President Barack Obama's Precision Medicine Initiative promises a "new era of medicine--one that delivers the right treatment at the right time," and seeks $215 million to expand access to genetic data in order to better target disease treatments.
But while much focus has been on the implications of the initiatives for healthcare providers, the Food and Drug Administration (FDA) announced Friday that for the first time, it will allow a company to market a genetic test directly to consumers.
The company is called 23andMe, and the FDA's authorization affects a test that can determine whether healthy people have a gene variant that can lead their offspring to inherit Bloom Syndrome, a rare disorder characterized by short stature, sun-sensitive skin changes, an increased risk of cancer and other health problems, according to Genetics Home Reference.
Perhaps even more significant than the 23andMe test authorization, however, is the FDA's simultaneous announcement that it will exempt other direct-to-consumer genetic tests from the agency's premarket review--a move that Forbes called a "big win" for consumer access to low-cost genetic tests.
"The FDA believes that in many circumstances it is not necessary for consumers to go through a licensed practitioner to have direct access to their personal genetic information," Alberto Gutierrez, Ph.D., director of the Office of In Vitro Diagnostics and Radiological Health in the FDA's Center for Devices and Radiological Health, said in the announcement. "Today's authorization and accompanying classification, along with FDA's intent to exempt these devices from FDA premarket review, supports innovation and will ultimately benefit consumers."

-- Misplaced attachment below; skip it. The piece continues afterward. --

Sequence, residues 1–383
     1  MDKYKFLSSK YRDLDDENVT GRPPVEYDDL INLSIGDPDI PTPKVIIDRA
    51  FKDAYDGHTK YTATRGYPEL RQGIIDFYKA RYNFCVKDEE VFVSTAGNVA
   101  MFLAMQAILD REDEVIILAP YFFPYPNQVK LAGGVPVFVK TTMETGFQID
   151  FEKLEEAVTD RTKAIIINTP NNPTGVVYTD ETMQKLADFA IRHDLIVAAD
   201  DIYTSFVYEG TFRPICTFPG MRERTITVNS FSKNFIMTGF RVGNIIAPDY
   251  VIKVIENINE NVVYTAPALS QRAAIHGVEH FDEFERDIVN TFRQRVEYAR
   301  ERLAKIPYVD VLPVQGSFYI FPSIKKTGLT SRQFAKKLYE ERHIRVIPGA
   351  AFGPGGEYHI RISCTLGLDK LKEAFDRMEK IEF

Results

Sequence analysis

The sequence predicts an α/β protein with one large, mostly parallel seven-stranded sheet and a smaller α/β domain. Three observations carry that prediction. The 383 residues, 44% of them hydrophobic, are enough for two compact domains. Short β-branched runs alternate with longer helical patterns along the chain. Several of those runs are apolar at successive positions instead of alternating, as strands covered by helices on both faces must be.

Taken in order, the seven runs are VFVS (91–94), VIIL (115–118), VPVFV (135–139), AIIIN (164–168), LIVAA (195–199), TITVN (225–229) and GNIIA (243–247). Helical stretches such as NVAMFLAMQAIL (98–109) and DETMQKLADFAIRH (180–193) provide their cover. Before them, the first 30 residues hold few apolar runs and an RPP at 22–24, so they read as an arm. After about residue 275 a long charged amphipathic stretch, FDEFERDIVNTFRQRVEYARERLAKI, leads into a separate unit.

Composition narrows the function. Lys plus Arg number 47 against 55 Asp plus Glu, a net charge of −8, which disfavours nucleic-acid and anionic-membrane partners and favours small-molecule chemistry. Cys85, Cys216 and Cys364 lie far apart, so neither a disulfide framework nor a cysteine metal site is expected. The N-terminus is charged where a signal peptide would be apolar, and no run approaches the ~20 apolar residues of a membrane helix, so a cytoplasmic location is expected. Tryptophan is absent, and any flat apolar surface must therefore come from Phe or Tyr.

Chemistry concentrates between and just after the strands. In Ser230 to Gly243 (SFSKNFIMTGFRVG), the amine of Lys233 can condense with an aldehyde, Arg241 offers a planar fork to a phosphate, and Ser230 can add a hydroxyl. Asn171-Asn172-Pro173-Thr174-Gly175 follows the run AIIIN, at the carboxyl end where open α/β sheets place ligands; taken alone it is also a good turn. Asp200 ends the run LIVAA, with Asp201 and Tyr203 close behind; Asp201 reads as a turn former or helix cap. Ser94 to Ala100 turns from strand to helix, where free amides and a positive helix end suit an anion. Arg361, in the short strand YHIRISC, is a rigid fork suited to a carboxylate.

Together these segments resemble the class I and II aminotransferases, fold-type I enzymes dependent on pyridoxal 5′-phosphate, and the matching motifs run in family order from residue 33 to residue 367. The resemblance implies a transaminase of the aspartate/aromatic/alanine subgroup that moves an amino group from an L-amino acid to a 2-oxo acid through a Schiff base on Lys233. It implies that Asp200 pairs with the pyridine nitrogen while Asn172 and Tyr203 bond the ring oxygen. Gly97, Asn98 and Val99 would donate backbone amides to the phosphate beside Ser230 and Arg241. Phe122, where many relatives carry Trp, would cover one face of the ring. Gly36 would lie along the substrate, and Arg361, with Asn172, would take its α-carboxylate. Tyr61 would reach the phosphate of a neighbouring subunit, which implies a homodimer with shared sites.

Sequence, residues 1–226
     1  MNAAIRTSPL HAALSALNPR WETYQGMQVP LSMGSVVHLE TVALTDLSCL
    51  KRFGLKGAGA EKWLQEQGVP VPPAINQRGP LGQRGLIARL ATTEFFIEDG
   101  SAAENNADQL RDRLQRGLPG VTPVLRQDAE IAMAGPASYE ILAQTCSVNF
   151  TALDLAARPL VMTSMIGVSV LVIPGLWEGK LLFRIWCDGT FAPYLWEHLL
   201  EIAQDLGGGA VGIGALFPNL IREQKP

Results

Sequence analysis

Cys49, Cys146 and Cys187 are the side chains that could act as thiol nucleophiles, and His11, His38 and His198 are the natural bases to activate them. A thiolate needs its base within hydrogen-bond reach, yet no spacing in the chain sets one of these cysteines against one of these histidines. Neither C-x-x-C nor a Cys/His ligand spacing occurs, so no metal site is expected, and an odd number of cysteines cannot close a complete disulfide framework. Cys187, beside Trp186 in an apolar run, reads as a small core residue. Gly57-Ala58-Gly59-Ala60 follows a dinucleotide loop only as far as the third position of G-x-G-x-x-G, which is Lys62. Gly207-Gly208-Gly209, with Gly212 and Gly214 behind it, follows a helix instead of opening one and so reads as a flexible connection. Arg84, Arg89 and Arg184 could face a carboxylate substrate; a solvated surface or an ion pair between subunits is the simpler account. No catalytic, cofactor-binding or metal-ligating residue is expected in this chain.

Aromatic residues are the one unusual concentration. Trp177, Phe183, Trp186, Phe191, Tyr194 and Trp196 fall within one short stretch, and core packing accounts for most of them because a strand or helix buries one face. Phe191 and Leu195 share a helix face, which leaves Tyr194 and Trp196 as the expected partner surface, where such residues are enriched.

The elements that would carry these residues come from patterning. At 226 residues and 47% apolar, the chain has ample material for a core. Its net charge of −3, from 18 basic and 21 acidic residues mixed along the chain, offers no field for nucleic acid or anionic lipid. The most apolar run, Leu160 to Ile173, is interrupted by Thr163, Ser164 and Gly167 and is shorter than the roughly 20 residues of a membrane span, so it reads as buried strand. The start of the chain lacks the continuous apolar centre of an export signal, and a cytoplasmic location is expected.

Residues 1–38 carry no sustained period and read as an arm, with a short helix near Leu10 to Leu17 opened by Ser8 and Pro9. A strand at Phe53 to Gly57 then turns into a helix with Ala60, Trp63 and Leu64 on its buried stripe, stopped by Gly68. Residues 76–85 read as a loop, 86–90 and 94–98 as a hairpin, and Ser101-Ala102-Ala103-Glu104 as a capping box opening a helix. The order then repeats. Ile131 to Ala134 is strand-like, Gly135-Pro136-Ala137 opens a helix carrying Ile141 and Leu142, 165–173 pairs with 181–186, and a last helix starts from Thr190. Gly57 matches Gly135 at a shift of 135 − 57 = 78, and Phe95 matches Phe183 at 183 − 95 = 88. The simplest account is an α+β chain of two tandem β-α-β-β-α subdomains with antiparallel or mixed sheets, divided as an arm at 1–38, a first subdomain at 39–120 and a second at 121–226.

Insurers also seem to be jumping on board, as Priority Health announced this week that it will cover comprehensive genetic testing for patients diagnosed with aggressive forms of cancer, FierceHealthPayer reported.
And last week, the National Institutes of Health (NIH)--which is set to receive $130 million to pursue the Precision Medicine Initiative--convened working groups of epidemiology, genomics, privacy, health information and mobile technology experts to produce a serious of whitepapers related to the initiative. The four reports "identify challenges and opportunities" related to building a large research cohort of genetic data as well as outline concrete steps to meet these challenges, according to the NIH.
One of the most pressing challenges the initiative faces is the privacy concern associated with such a large-scale collection of private health data, FierceHealthIT reported. But Jo Handelsman, associate director for science at the White House Office of Science and Technology Policy, told reporters in a Jan. 29 conference call that patients' privacy will be "rigorously protected," noting that her office has already begun to assemble working groups to offer guidance on the subject, according to FierceHealthcare.